Begbies Traynor (BEG) - 'adjusted' profits

Hi Maynard,

I was pondering investing in this company until I saw the below chart. The two lines show co adj eps and reported eps. There are very large differences over the past 15 years, resulting in a nominal CAGR of Book Value Per Share. The red bars are acquisition spend per share, measured on the right hand axis.

The 2021 fy accounts reconcile a reported profit of £153k, which is inflated by £3,058k of amortisation of intangible assets and £6,546k (!)of ‘transaction costs’ to get to ‘adjusted earnings’.

Would this put you off investing in BEG???

Looking at SDI or JDG (other roll-up cos) there are similar differences, but maybe not as extreme as this example.

Do you happen to know if intangibles now have to be amortised according to ‘mark to market’/dcf calculation, or amortised over a set period of years under current accounting rules? Or, is it at the discretion of the company, provided they follow their own consistent policy?

Regards,
Ben

Hi Ben,

The accounting here is not straightforward.

The transaction costs include something called ‘deemed remuneration’…

…which represent sums paid to the vendors of acquisitions for post-acquisition services:

BEG AR 2021 transaction costs notes

I am not sure whether these post-acquisition services generate revenue; BEG could arguably be flattering its performance by highlighting ‘adjusted’ costs but not highlighting the value of the associated revenue these costs produce.

If ‘deemed remuneration’ does not generate revenue, the costs should be viewed as part of the acquisition expense and therefore added on to balance sheet for ROE/ROCE calculation purposes instead of being written through the P&L. This ‘deemed remuneration’ is a true economic cost to shareholders, but the accounting makes it very difficult to judge the effective value of the associated acquisitions.

The notes in the annual report say the ‘deemed remuneration’ for the latest purchases will be payable over five years. So this issue is ongoing.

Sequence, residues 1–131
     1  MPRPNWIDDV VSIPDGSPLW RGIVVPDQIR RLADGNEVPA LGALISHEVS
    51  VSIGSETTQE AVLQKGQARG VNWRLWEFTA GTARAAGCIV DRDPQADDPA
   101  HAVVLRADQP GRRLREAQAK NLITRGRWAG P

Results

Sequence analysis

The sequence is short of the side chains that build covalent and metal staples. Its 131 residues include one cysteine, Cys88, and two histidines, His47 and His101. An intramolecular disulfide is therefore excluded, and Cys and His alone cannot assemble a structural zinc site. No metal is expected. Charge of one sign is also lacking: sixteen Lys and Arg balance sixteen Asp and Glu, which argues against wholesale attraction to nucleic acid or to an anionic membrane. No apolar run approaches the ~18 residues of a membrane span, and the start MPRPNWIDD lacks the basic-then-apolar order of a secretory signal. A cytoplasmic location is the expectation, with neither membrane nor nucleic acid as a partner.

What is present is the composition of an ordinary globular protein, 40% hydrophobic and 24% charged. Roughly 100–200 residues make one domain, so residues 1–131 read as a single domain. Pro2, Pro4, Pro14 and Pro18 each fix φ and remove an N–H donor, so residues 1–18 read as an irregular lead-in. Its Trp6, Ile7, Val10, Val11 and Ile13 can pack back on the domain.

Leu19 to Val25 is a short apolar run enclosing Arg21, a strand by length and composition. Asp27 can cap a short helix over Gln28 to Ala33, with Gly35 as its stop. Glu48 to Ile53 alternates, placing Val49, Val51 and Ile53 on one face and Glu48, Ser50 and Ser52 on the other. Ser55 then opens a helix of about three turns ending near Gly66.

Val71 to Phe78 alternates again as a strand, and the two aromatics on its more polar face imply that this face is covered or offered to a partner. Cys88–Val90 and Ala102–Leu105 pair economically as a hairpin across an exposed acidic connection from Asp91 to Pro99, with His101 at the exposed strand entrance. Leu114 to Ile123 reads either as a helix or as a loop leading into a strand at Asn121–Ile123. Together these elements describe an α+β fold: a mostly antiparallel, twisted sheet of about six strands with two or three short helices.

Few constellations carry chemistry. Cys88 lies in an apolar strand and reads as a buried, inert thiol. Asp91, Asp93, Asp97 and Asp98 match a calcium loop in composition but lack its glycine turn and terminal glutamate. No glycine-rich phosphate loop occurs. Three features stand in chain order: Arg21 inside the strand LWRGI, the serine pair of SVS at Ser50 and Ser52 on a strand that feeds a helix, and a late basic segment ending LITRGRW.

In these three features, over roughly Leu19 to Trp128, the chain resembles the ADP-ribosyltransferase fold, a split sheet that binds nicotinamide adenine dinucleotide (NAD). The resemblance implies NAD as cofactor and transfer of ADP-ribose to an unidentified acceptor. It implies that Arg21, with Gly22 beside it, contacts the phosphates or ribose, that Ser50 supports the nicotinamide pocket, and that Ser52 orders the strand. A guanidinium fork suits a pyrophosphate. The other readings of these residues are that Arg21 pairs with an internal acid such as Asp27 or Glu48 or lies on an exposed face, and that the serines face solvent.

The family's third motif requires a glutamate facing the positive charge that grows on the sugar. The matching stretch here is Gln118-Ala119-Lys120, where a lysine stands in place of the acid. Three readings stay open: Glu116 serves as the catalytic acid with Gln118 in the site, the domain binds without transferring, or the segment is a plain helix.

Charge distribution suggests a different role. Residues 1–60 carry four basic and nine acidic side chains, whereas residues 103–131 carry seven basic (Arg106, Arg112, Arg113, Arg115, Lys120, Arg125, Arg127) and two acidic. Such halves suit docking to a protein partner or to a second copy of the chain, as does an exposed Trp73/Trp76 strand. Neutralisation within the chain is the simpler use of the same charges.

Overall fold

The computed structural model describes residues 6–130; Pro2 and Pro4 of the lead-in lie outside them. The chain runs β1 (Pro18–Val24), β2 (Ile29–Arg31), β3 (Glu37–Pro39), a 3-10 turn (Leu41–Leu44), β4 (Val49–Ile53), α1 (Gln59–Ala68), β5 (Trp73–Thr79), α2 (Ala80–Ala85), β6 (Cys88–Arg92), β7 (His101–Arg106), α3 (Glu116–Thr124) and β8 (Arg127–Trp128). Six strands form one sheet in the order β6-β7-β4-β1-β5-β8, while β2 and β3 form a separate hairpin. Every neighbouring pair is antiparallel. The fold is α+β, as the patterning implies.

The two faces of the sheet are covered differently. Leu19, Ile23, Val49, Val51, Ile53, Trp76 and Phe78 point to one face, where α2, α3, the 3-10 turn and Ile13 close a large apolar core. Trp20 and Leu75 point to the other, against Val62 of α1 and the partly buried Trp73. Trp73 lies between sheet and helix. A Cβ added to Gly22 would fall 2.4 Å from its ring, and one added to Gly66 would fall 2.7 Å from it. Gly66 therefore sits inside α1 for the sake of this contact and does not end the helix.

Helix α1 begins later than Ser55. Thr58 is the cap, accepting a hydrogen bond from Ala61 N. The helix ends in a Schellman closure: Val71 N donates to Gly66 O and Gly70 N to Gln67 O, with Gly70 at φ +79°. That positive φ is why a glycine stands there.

Thankfully the adjusting for the amortisation of acquired intangibles is pretty standard.

Intangibles are amortised over a period determined by the company. BEG says its acquired intangibles have useful lives of between one and nine years:

The useful life applied to intangibles is generally academic, although a really long useful life (10+ years) may suggest the directors are a tad optimistic – and may therefore be optimistic about other matters as well.

Acquired intangibles (and goodwill) should be tested for impairment at least every year, which is when DCFs are constructed by management to prove the intangibles have a ‘recoverable’ value at least equal to their book value.

The accounting, while legit, is not clear and I don’t like the regular large acquisitions of late.

Insolvency practitioners are very much dependent on the productivity of professional employees, and so their operations can be difficult to scale and leave suitable rewards for outside shareholders. The annual report says the company employs 71 partners – a term best suited I think for private, partner-controlled ventures.

Maynard

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Thanks Maynard - that’s very helpful!
,
(There must be a better way to present these figures for the users of the accounts?).

In a similar way to the legal settlement companies, I’m struggling to get to the real picture, so I am passing on this one!

Regards,

Ben

Where the intangibles are this big, the profit and loss account becomes, in my view, relatively meaningless. It become much better to look at cash-flows: are they generating operating cash, is this sufficient to cover new investments, are they raising funding or paying it down.

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Hello Diogenes,

Yes you are correct of course - and management appear to be using all of the cash generated to gain scale and pay themselves.

There is also a 5% share dilution p.a., a real cost to the investor, which management are using for part-payment of acquired companies and share option awards (sold to directors for between 5p and 63p with the current market price at 135p)).

The 3 board execs received emoluments of £1.6m, in total, for the year to April 2021. This is in addition to the vesting of any share options (currently totalling 2.25m shares).

To put is into context, reported profit after tax was only £1.9m (adjusted up to over £11m).

Diluted normalised eps are increasing.
Diluted reported eps have basically declined to zilch.

I don’t understand this business model, how they are ever going to corner the insolvency market and gain abnormal returns (and if not then for the investor, what is the point of incurring the enormous professional fees related to acquisitions?), or how the investor gets to the bottom of these accounts (of which I hasten to add, I have no doubt are 100% technically correct and proper in their preparation and presentation).

Probably my failing rather than theirs! Good luck to them!!

Regards,

Ben

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